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Law School Case Brief

Lunding v. N.Y. Tax Appeals Tribunal - 522 U.S. 287, 118 S. Ct. 766 (1998)


When confronted with a challenge under the Privileges and Immunities Clause to a law distinguishing between residents and nonresidents, a state may defend its position by demonstrating that (i) there is a substantial reason for the difference in treatment; and (ii) the discrimination practiced against nonresidents bears a substantial relationship to the state's objective.


A nonresident married couple filed a New York nonresident income tax return on which the couple reported the husband's income earned in New York and rather than complying with the statutory provision, deducted the portion of the alimony paid by the husband that corresponded to the percentage of the couple's total income that was earned in New York. A New York state statutory income tax provision disallowed any deduction for alimony paid at one of the several steps used to calculate nonresidents' tax on their income earned in the state and effectively denied only nonresident taxpayers a state income tax deduction for alimony paid, where in some circumstances, the provision would result in a nonresident's tax liability being greater than if the nonresident was a resident. The state denied the pro rata alimony deduction, which resulted in an increase in the couple's tax liability. The taxpayer couple sought state administrative relief from the denial of the deduction on the basis, among others, that the state tax provision violated the Privileges and Immunities Clause, U.S. Const. art. IV, § 2, but was unsuccessful. The couple then commenced an action before the Third Department of the Appellate Division of the New York Supreme Court, which expressed the view that the tax provision violated the Privileges and Immunities Clause. On appeal, the New York Court of Appeals reversed expressing the view that the provision did not violate the Privileges and Immunities Clause, as substantial reasons for the disparity in tax treatment were apparent on the face of the statutory scheme. The taxpayer couple contended that the statute, N.Y. Tax Law § 631(b)(6) (1987), violated the Privileges and Immunities Clause because it discriminated against New York nonresidents by not allowing them a pro rata deduction for alimony expenses.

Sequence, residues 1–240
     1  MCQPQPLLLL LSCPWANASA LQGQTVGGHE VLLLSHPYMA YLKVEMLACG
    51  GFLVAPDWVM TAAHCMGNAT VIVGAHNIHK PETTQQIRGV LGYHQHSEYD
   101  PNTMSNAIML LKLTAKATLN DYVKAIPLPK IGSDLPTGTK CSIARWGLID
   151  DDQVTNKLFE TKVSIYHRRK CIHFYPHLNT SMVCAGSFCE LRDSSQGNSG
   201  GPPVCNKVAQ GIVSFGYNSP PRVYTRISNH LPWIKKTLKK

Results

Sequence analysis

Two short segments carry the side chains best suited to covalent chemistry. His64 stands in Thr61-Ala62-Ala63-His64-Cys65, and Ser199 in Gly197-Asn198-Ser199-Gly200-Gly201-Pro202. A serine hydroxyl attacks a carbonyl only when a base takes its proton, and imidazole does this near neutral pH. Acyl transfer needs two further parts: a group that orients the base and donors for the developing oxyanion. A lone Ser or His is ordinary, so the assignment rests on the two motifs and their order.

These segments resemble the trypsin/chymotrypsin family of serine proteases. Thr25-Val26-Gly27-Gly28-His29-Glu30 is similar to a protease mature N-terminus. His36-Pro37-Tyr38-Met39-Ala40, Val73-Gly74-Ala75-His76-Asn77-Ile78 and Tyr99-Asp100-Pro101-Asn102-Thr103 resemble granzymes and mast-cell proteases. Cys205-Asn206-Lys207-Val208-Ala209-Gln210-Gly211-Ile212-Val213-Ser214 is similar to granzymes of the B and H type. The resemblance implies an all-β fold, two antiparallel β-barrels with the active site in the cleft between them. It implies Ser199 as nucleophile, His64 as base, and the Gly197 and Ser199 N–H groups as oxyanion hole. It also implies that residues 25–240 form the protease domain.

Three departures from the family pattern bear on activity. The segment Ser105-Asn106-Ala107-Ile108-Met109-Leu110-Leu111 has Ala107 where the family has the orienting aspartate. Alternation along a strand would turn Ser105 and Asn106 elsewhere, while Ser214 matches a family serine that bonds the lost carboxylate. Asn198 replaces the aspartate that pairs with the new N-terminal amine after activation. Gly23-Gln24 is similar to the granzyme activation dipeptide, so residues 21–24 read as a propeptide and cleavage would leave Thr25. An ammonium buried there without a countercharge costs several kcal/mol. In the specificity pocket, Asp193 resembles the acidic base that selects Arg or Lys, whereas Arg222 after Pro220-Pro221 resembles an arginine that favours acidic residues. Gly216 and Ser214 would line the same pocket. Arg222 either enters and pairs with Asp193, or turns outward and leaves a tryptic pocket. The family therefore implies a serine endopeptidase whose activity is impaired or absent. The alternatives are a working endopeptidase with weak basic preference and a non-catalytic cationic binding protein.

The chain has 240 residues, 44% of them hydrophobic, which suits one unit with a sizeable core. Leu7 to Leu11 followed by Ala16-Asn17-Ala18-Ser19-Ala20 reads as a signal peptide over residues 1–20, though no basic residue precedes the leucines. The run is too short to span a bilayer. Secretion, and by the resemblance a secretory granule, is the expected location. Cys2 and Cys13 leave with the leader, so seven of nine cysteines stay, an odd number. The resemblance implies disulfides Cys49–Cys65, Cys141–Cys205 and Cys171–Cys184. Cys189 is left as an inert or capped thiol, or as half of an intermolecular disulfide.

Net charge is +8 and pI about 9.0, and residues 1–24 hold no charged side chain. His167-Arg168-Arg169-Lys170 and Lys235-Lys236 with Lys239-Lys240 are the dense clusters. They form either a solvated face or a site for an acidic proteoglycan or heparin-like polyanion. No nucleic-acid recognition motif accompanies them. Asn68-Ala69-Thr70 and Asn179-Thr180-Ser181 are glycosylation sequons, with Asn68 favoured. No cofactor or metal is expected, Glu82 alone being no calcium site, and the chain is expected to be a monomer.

Did the provision in a New York state law that effectively denies only nonresident taxpayers an income tax deduction for alimony violate the Privileges and Immunities Clause as discriminatory treatment of nonresidents?




On a writ of certiorari, the Supreme Court of the United States found that respondent state agencies had not presented a substantial justification or a reasonable expectation for the categorical denial of alimony income tax deductions to nonresidents. According, § 631(b)(6) of New York's Tax Reform and Reduction Act of 1987 was an unwarranted denial to the citizens of other states the privileges and immunities enjoyed by the citizens of New York. Because the state had not adequately justified the discriminatory treatment of nonresidents affected by N. Y. Tax Law § 631(b)(6), the challenged provision violates the Privileges and Immunities Clause. Although the Privileges and Immunities Clause did not prevent states from requiring nonresidents to allocate income and deductions based on their in-state activities, a state could not disallow nonresident taxpayers every manner of nonbusiness deduction. Requiring nonresidents to pay more tax than similarly situated residents solely on the basis of whether or not the nonresidents were liable for alimony payments was found to violate the "rule of substantial equality of treatment." Thus, the decision of the New York Court of Appeals was reversed. In reaching this decision, the Court explained that its concern for the integrity of the Privileges and Immunities Clause is reflected through a standard of review substantially more rigorous than that applied to state tax distinctions, among, say, forms of business organizations or different trades and professions.

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